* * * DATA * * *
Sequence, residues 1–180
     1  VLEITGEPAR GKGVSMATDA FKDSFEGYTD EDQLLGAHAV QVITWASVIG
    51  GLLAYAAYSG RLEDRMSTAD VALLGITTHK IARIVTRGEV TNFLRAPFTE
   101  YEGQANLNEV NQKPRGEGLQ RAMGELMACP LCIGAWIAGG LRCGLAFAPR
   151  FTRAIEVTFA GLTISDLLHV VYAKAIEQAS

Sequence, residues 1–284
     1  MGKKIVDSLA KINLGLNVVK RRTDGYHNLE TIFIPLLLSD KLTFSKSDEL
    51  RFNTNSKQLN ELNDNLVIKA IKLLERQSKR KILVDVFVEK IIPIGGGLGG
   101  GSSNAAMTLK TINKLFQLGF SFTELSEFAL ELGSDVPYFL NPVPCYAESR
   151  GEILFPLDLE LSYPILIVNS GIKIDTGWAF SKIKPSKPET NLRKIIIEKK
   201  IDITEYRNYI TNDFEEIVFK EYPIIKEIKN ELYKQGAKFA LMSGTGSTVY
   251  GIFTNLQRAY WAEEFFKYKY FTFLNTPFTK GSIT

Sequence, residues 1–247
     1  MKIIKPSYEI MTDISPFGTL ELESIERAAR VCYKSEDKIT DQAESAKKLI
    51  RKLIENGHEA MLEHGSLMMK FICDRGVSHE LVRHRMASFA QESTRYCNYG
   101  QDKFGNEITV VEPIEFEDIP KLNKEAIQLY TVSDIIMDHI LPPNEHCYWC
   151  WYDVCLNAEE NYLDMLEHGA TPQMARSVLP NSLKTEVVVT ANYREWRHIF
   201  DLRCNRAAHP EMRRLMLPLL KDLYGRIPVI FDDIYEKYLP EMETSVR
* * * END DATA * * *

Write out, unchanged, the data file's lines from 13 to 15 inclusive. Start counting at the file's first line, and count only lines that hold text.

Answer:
Sequence, residues 1–247
     1  MKIIKPSYEI MTDISPFGTL ELESIERAAR VCYKSEDKIT DQAESAKKLI
    51  RKLIENGHEA MLEHGSLMMK FICDRGVSHE LVRHRMASFA QESTRYCNYG